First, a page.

Food Security on a Budget
Everyone eats, some more than others. And all preppers understand the importance of a properly stocked emergency pantry. Heck, even the CDC and the government recommend a three-day supply just in case there’s a short-term crisis. Many on our side plan for three weeks, months, or even three years of shortages.
As important as food is, it’s still not the lowest cost item on our lists. Even with the recently improved economy many people still find it harder to make ends meet. How, then, does one adequately prepare the pantry without breaking the bank?
Rhonda Owen and Preppers Will posted a great article on building your emergency food stocks when money is low. Please read the original.
Photo by Prepper Journal.
She shows that it is possible to stock up even on a budget. And she drives home the many reasons why you need to do this, costs aside.
“People have seen several catastrophic incidents in the recent few decades. Most of these events were sudden and quite devastating. Millions of people did not get any chance of fighting for their life just because there was nothing left to eat and drink. Only few people bothered to actually make an emergency food supply.
You may think that such things will never affect my life, but nobody can predict such events. The natural disasters and man-made disasters can take place anytime and anywhere. You will have to be prepared with everything that is necessary for survival. You should start with the emergency food supply. Food is one of the most basic needs of human being that people do not get enough when a catastrophic event takes place.”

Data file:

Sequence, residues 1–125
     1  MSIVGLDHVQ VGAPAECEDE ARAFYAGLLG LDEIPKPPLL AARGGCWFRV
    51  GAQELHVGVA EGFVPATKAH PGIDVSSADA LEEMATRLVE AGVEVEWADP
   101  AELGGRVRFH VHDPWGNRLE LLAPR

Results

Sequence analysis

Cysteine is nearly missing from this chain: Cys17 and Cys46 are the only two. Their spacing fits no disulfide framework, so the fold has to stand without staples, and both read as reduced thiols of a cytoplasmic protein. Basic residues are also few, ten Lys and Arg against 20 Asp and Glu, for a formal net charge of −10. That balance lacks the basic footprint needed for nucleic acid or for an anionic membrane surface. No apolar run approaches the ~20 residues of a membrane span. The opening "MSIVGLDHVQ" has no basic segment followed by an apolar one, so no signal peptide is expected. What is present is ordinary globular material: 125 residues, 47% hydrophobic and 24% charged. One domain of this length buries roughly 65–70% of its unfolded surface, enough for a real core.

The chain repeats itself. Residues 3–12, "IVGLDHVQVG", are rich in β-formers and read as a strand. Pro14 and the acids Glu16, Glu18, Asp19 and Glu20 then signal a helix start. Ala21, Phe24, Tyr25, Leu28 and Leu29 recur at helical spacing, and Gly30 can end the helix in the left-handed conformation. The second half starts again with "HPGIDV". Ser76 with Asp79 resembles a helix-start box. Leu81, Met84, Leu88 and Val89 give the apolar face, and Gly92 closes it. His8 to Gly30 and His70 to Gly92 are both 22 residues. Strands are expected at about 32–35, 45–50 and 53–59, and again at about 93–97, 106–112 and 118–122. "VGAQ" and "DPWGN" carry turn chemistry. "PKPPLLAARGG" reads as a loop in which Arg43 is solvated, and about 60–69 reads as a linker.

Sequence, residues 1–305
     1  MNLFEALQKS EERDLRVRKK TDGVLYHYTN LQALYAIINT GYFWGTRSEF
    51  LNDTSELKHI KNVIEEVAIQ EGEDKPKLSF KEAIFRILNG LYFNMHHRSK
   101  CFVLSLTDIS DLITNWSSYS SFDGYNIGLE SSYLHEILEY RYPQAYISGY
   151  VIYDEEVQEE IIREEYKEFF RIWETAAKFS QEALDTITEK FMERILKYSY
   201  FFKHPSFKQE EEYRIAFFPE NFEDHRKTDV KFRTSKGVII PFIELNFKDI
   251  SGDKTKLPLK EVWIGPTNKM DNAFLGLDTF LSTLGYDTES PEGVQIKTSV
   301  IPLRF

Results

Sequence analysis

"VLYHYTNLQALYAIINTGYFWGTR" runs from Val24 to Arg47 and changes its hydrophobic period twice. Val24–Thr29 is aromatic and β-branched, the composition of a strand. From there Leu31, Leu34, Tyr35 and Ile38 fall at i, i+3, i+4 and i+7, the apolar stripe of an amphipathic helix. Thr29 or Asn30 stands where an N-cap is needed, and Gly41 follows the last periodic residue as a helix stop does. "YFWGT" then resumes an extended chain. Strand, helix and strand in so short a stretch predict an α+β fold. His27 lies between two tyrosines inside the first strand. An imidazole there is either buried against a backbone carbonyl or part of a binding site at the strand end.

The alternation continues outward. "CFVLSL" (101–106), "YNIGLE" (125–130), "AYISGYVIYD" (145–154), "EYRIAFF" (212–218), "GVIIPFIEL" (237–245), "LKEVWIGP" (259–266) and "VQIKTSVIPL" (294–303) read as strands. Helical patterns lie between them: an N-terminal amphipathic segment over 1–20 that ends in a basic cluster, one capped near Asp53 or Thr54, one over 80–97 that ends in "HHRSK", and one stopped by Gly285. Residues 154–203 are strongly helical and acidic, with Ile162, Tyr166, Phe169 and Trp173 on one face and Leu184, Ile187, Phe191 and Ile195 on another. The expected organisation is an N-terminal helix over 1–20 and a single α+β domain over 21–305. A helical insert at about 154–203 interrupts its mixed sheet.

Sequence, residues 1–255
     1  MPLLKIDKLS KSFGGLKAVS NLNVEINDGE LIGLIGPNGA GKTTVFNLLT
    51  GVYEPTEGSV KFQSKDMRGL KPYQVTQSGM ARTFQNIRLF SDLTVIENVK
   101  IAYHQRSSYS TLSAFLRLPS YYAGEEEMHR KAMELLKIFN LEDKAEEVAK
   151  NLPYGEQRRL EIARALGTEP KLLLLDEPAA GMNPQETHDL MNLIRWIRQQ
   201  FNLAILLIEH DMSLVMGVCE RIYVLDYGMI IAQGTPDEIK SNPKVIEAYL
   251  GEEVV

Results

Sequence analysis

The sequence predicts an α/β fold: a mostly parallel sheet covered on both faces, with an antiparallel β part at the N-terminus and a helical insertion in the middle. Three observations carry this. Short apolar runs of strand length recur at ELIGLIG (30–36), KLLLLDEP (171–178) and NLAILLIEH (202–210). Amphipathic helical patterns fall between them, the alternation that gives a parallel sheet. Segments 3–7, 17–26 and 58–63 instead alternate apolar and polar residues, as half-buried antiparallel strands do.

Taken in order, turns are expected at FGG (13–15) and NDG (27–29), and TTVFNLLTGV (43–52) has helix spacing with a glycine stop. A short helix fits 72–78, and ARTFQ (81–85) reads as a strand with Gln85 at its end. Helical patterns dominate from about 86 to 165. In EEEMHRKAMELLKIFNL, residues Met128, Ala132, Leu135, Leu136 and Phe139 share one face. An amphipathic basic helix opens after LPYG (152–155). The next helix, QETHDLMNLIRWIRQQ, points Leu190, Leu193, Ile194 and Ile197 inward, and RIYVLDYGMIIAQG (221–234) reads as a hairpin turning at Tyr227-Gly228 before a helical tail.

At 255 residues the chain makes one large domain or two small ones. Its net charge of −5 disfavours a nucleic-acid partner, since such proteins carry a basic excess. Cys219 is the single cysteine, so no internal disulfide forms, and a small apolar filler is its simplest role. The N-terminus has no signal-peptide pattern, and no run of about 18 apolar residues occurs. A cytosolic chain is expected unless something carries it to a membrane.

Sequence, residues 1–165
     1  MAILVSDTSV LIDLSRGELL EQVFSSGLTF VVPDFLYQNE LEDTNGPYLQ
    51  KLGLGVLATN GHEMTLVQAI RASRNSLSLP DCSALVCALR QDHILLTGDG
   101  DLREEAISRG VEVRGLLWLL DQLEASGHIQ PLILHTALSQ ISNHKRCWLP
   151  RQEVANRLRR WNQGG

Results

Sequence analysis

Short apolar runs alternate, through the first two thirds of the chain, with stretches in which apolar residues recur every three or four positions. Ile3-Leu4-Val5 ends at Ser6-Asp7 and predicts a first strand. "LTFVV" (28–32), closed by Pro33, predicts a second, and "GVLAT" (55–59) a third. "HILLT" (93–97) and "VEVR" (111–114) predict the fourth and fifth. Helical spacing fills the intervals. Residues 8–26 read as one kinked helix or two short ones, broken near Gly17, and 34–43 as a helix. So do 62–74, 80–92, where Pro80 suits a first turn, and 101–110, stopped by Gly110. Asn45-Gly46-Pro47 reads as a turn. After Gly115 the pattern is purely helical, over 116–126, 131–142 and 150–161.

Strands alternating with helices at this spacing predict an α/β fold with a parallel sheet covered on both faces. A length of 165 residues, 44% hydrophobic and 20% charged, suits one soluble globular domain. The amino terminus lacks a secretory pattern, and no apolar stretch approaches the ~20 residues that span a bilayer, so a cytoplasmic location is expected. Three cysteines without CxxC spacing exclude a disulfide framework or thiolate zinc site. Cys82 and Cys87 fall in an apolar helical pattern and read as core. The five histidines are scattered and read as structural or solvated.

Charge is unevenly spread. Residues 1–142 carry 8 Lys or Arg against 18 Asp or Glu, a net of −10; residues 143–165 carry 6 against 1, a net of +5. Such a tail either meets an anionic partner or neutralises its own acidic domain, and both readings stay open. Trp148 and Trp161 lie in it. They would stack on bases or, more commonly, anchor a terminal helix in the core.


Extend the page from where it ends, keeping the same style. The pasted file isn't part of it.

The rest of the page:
Will you have enough to eat the next time a disaster strikes? And everyone will, at some point, experience something that qualifies as a disaster – even if it’s something “small” like an ice storm or a personal sickness or layoff.
She discusses how much food should be stored. There is no right answer here, beyond “enough.” It all varies depending on your needs – and those you should consider and plan for. What’s right for you and yours might not work for the next prepper.
The government’s three-day rule should be an absolute minimum for anyone. Many of us try to have that kind of supply available just in the car – just in case.
Kinds of foods;
Amounts of foods;
Necessary water supplies;
Cooking necessities; and
Food shelf life.
She then progresses from 3 days to a more substantial (and maybe worthy) 90 day supply.
The basics stay the same but the volume increases – as does the cost. Then she goes into truly long-term storage.
So how do you prepare for any of this on the cheap? Owen recommends:
Sales (duh) – always be on the lookout for discounted prices on the kinds of foods you like/need. Think about non-perishable foods and canned goods. Also think about stores aside from regular grocery stores – many carry foods, some at great savings.
Pooling resources. If you have friends and neighbors you trust, consider combining your food efforts.
Alternative foods. Her examples are powdered milk and eggs. These are largely the same as fresh but last much longer.
Canned and dehydrated meats.
Drink mixes – not just for health nuts. These are called meal replacements for a reason.
Look for survival food bargains online. Something is always on sale on the web.
She also emphasizes the necessity of planning and mindset. You must be as ready as your pantry.
The key to much of this preparation is thinking outside the box. And she gives some great tips to get you going. The sky really is the savings and stocking limit here. Get started now and be ready then.
Again, carefully read the original article and take advantage of the great information. Pass it along and try to expand the concepts with what you find out there. Pass it on.
Perrin Lovett writes about freedom, firearms, and cigars (and everything else) at www.perrinlovett.me. He is none too fond of government meddling.